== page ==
The Internal Revenue Service (IRS) recently announced that it would begin to look at the claims that taxpayers make about alimony - either paying or receiving. This adds yet another potential challenge to the already difficult arena of divorce finances.
Here's how it is supposed to work: The receiving spouse is supposed to claim alimony as income, and the paying spouse can deduct it. In contrast, child support and property settlements are neither deductable nor taxable.
When it comes to alimony and taxes, the reality appears to differ significantly from the way it is supposed to work, according to a story in the Wall Street Journal. A watchdog agency known as Treasury Inspector General for Tax Administration (TIGTA) reported that there is a large gap between the amount of alimony claimed as tax deductions and the amount of alimony reported as income. The gap was an amazing $2.3 billion. Of course, the amounts of alimony received and alimony deducted should be more or less the same.
By some estimates, the tax loss because of this widespread error could be as much as $385 billion over five years.
A related issue is that many taxpayers deducting alimony fail to prove a tax ID number for the recipient of the alimony, something that is required by the tax code. However, even though there a huge number of returns without the required tax ID, the IRS will not be automatically rejecting e-filed returns that don't have the required tax ID. It does reject e-filed returns that when both parents claim the child credit for the same child.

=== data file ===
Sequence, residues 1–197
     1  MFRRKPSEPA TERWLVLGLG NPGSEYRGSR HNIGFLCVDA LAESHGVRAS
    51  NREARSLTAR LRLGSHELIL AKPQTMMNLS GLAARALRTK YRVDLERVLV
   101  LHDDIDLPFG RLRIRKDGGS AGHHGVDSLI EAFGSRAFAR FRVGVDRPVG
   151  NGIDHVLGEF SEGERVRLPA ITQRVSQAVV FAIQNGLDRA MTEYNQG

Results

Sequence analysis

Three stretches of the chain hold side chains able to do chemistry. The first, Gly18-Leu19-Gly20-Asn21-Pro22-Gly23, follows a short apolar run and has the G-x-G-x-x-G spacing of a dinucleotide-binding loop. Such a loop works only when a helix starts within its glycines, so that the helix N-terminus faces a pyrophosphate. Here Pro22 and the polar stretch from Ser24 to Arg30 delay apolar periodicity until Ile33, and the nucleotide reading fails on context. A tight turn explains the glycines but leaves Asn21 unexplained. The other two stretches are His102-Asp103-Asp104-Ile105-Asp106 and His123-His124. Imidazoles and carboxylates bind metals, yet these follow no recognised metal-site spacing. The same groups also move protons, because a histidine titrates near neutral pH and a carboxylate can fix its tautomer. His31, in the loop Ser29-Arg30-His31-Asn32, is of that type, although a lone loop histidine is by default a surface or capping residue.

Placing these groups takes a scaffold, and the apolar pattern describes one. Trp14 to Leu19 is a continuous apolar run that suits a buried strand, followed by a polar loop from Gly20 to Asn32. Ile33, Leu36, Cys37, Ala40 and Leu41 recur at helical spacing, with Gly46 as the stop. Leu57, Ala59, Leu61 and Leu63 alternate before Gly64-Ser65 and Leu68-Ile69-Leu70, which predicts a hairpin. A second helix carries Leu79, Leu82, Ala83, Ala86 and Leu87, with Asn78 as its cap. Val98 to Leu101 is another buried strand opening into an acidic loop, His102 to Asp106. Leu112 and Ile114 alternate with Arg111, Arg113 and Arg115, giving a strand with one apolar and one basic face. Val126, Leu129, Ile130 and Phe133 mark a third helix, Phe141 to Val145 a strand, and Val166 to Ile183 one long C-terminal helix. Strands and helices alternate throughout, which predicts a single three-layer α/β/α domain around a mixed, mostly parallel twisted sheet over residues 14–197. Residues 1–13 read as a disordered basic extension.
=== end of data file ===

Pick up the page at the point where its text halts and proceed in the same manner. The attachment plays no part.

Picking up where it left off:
It's important that taxpayers understand that alimony is deductable to the payor and income to the payee. Some experts believe that failing to report alimony as income is not necessarily an effort to defraud the government. Because the other two types of payments common in divorce, child support and property settlements, are deductable, it is easy for people to be confused about the rules. Even tax professionals may not be entirely clear.
Alimony is often referred to as maintenance or spousal support. In the latter instance, it sounds like child support, and a recipient could be forgiven for thinking that they are handled the same way by the IRS. Another easy-to- forget type of income that should be reported is gifts from the payor spouse who purchases his or her ex a computer, a smart phone, or other needed item that would be otherwise too expensive to acquire. According to the IRS, such gifts should be reported as income by the recipient.